We're supporting APIL's Injury Prevention Day #IPDay17

by Carly Philp

This year the Association of Personal Injury Lawyers (APIL) is focusing on safer driving practices.  Today they have re-launched their ‘Back Off’ campaign which aims to
prevent the number of needless injuries caused by tailgating on our roads.  

Every day millions of drivers tailgate.  Following a vehicle too closely can be an accident waiting to happen - if that vehicle suddenly stops your chances of avoiding a rear-end collision are significantly reduced.  Tailgating might happen because a driver simply doesn’t realise they are driving too closely.  Other times, it is triggered by impatience or road rage.  Apart from being very irritating, tailgating is also very dangerous and can have fatal consequences.  Convictions for dangerous driving can result in fines, disqualification and even custodial sentences.  

Top tips if you are guilty of tailgating:  

  • Always keep a safe distance between you and the vehicle in front of you.  

A safe distance is usually 3 seconds.  You can judge this by using a fixed point on the road such as a sign, marking or lamppost.  Once the vehicle in front passes that point it should take you 3 seconds to reach the same point.  You should double this distance when the driving conditions are particularly bad, such as when it is foggy, icy or raining heavily.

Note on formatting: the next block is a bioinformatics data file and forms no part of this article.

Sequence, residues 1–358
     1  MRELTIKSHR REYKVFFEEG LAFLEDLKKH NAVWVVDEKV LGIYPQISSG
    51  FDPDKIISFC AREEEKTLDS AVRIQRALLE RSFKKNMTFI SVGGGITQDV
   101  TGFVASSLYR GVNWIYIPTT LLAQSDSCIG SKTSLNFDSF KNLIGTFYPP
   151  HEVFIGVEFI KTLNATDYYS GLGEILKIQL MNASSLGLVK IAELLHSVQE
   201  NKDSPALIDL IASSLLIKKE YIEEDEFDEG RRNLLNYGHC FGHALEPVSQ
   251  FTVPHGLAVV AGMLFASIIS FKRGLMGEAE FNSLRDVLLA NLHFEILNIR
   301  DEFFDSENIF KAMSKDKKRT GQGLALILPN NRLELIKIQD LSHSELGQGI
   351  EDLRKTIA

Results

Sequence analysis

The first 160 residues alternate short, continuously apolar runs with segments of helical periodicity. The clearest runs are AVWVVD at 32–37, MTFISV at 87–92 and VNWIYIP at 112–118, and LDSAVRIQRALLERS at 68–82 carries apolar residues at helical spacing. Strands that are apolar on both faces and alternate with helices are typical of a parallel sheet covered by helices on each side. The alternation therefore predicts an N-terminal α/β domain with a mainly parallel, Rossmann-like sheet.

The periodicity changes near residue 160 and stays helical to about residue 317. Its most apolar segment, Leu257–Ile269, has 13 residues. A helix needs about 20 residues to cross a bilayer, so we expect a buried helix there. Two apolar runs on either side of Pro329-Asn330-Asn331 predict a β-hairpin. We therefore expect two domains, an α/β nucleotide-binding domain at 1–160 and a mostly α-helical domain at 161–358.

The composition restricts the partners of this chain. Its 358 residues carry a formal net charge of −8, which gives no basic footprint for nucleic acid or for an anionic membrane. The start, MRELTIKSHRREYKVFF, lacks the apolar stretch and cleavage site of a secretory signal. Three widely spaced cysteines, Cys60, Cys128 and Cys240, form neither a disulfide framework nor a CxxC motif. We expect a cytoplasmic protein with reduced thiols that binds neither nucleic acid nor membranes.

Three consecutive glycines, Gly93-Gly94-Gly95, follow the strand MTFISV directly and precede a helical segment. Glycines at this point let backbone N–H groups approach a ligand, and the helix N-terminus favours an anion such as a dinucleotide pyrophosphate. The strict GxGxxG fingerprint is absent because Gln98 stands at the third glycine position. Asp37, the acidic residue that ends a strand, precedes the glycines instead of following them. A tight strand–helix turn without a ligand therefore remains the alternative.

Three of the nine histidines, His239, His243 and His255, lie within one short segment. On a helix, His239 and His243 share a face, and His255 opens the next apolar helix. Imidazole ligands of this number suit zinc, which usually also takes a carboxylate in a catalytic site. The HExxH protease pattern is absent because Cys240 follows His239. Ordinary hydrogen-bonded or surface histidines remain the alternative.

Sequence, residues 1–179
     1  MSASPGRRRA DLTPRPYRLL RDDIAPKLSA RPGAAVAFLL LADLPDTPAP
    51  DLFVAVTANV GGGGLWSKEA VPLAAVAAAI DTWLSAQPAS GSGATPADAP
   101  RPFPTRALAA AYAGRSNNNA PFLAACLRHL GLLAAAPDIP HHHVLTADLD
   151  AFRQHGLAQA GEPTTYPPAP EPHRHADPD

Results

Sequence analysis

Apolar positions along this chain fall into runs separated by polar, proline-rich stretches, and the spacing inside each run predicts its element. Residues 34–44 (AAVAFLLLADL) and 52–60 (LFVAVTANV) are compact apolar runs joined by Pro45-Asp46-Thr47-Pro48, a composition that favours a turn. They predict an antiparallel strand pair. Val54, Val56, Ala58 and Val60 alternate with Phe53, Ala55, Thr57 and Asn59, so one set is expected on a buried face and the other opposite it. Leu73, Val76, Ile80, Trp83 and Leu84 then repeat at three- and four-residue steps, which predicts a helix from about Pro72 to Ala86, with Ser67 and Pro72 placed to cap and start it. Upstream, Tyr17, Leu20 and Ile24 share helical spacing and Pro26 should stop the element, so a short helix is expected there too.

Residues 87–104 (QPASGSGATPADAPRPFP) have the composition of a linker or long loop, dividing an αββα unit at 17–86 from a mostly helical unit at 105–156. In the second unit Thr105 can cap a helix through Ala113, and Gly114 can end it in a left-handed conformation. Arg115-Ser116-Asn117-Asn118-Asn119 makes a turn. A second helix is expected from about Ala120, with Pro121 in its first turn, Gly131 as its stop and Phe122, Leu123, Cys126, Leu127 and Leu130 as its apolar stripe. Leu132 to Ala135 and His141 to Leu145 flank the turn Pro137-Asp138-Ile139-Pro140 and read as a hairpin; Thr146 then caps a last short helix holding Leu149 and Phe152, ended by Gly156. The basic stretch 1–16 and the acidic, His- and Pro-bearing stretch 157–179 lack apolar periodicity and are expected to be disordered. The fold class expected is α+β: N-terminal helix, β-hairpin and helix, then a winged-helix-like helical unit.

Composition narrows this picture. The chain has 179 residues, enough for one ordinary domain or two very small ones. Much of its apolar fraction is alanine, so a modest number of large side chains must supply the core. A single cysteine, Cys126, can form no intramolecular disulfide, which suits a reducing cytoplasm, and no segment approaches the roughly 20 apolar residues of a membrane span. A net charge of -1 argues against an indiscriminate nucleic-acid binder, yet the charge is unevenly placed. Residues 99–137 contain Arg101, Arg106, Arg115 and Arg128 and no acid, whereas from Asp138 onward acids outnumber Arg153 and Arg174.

• Find a safe way to pass.

Do not be tempted to tailgate yourself.  Set your pride aside.  It is better to arrive late than not to arrive at all.    

Top tips if you are being tailgated:

  • Drive in the left hand lane and use the right hand lane for overtaking only.

Tailgaters are often in a hurry and wish to overtake slower moving traffic.  If the left hand lane is clear, move into it when it is safe to do so and allow the tailgater to pass you.  Engaging in a war of wills is a very dangerous game.

  • Take defensive measures to avoid an accident.

If you are being tailgated drive at the speed limit and keep a safe distance between you and the vehicle in front.  This will avoid a multi-vehicle incident should the worst happen.  Failure to do so could even make you liable for any damage or injury caused to the driver in front.  If you are far enough behind, the chances of you being pushed into the vehicle in front are drastically reduced.    

Maintain a consistent speed.

Do not pump your brakes or suddenly slow down.  This could indicate to the other driver that you are intent on blocking them and aggravate them further.  

As an APIL member it is my role to ensure that accident victims receive access to justice and fair compensation.  However, I would undoubtedly prefer for needless injuries to be prevented where possible.  This can be achieved by respecting your fellow road users and observing a safe driving distance.   #IPDay17.  

Watch the 'Back Off' campaign video below